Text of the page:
Appreciating the history of the WA Christmas Tree while recording for ClimateWatch
The WA Christmas Tree (Nuytsia floribunda) is a popular species that ClimateWatchers record on. It’s a very distinct tree with abundant, bright orange flowers that typically appear between October and January. Two mature age students from the University of Western Australia (UWA) developed an appreciation for the WA Christmas Trees historic and cultural value as part of their first year biology unit, proving it’s not just about the science. Ben Quaife and Paul Ashbolt searched through scientific journals as well as old newspaper and magazine articles to try and gain a greater understanding of the Christmas Tree’s history in Western Australia.
Ben and Paul noted the significance of the WA Christmas Tree for Noongar Aborigines in Perth and it’s captivation of early settlers that came to WA. “When we looked at the literature and the commentary of the Christmas tree, it’s been held in really high esteem for aborigines and early settlers,” says Paul. “The first settler’s notes and aboriginal folk lore were absolutely fascinating. The aboriginal people used to say the trees were a transit point for dead spirits. It was very sacred to them.”
Although Ben and Paul tried to record observations of the WA Christmas tree whilst doing their research, they are not as common as they once were. “Most of the Christmas Trees around Perth have been taken out due to development,” says Ben. The hemiparasitic nature of these trees with a diverse range of hosts has seen them removed from many areas. However, when they are in flower they are a lot easier to find. The image below is an old image of a Christmas tree on the UWA campus. Paul was able to combine his interest in arts with science as he editted the image to add some colour.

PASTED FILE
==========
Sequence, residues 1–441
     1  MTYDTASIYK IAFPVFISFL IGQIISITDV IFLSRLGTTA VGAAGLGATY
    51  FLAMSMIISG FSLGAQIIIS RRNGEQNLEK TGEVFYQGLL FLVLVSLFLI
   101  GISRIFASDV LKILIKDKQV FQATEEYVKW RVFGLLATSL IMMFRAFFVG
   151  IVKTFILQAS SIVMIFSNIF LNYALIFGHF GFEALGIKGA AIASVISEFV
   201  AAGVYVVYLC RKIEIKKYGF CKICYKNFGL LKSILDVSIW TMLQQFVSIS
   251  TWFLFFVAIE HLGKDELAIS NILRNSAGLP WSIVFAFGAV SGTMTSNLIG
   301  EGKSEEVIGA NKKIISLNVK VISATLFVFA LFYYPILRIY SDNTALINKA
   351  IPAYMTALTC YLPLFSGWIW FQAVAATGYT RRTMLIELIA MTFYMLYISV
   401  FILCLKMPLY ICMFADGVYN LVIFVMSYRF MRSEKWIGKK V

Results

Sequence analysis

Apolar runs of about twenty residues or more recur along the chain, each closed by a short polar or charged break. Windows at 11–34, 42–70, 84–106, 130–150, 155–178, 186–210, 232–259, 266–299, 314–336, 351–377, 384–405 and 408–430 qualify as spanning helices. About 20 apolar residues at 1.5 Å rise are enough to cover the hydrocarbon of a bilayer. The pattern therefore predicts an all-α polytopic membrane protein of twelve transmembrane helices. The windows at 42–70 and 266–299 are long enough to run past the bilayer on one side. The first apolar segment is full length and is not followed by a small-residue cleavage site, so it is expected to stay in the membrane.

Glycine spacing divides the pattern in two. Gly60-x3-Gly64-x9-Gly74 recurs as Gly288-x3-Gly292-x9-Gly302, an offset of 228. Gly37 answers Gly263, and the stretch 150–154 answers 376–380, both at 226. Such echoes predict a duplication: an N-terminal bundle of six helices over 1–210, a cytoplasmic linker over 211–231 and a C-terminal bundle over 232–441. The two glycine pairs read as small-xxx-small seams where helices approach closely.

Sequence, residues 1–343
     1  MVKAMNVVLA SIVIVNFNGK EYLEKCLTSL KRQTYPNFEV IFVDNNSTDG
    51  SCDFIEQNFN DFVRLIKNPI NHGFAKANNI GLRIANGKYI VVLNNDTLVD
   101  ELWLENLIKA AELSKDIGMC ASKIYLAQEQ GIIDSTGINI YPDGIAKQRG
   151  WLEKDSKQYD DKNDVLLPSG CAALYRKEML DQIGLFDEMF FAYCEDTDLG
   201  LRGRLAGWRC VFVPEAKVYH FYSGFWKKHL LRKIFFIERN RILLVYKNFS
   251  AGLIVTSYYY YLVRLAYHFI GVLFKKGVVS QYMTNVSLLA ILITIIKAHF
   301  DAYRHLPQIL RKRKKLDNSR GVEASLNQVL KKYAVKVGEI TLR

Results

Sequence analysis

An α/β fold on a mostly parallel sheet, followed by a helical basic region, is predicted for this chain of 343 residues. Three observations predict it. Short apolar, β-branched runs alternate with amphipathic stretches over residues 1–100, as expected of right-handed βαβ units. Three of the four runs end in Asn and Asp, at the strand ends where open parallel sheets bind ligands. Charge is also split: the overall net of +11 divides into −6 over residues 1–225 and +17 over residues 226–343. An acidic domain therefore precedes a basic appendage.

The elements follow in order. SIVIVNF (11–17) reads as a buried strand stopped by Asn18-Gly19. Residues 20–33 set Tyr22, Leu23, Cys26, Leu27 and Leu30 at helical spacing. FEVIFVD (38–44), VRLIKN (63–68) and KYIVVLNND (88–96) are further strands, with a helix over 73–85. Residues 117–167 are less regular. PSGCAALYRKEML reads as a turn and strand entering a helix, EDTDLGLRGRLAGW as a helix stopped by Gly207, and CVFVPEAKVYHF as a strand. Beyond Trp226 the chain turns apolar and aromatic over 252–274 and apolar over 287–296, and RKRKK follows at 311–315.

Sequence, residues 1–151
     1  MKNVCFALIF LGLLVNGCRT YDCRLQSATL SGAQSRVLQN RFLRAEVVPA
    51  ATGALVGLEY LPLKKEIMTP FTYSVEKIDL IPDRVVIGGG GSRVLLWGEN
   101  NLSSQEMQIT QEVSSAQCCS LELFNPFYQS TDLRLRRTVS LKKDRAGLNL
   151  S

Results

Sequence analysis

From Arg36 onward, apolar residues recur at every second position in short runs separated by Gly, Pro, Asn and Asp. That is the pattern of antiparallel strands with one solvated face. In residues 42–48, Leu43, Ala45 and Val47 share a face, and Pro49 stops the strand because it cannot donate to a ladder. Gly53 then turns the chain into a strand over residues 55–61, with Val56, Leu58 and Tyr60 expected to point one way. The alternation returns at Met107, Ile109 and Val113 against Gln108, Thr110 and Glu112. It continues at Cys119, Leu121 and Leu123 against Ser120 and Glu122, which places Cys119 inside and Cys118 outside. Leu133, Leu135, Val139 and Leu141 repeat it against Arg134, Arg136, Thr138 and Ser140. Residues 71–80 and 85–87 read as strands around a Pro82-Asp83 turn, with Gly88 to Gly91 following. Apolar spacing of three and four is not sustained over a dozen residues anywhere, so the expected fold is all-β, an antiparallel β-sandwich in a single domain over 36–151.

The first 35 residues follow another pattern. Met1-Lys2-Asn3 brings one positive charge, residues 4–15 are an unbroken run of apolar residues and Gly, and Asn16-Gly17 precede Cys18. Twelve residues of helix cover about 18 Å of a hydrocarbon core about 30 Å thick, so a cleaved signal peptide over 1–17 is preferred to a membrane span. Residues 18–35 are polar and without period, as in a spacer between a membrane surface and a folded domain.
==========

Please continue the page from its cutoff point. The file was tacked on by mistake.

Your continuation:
An old image of a WA Christmas Tree at UWA found by
the students formed the cover for the journal.
Ben and Paul have young families making it extra hard to find time to record observations for the ClimateWatch program. Ben says, “my time is all allocated right up until the minute I go to bed. Everything I do is planned for!” Paul adds, “I really love my university life so it’s a real priority for me.” They managed to incorporate their observations into their daily activities. Most observations of plants and animals were made at the UWA Crawley campus as they were moving between classes.